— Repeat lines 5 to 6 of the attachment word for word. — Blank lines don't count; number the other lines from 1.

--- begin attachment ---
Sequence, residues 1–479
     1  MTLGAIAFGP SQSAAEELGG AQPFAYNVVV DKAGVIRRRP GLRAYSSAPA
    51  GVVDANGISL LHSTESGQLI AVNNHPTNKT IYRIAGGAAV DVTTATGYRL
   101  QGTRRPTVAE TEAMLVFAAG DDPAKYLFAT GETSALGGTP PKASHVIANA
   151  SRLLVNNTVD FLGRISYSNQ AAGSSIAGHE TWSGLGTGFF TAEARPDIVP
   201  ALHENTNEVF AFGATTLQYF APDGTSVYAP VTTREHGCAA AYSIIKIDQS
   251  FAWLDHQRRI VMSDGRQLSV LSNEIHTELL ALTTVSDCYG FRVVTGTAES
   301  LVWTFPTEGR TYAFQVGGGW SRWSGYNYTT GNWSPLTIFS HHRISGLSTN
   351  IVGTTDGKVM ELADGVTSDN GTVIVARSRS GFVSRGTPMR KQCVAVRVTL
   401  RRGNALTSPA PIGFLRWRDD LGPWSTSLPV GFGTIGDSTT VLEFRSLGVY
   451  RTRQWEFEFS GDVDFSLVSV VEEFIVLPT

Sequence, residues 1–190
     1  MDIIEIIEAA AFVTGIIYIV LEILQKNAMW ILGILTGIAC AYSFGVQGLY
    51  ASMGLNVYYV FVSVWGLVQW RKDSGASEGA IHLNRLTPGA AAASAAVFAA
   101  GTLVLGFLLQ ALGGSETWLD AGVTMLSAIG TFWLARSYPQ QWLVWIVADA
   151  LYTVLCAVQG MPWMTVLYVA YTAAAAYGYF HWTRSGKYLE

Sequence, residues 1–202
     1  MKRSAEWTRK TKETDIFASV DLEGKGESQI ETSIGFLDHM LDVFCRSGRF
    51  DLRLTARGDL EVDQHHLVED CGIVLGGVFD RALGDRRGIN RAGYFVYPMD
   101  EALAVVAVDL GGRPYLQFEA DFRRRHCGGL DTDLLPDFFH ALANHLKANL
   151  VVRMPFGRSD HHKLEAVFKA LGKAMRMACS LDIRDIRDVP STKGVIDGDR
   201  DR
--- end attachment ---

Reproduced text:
   151  SRLLVNNTVD FLGRISYSNQ AAGSSIAGHE TWSGLGTGFF TAEARPDIVP
   201  ALHENTNEVF AFGATTLQYF APDGTSVYAP VTTREHGCAA AYSIIKIDQS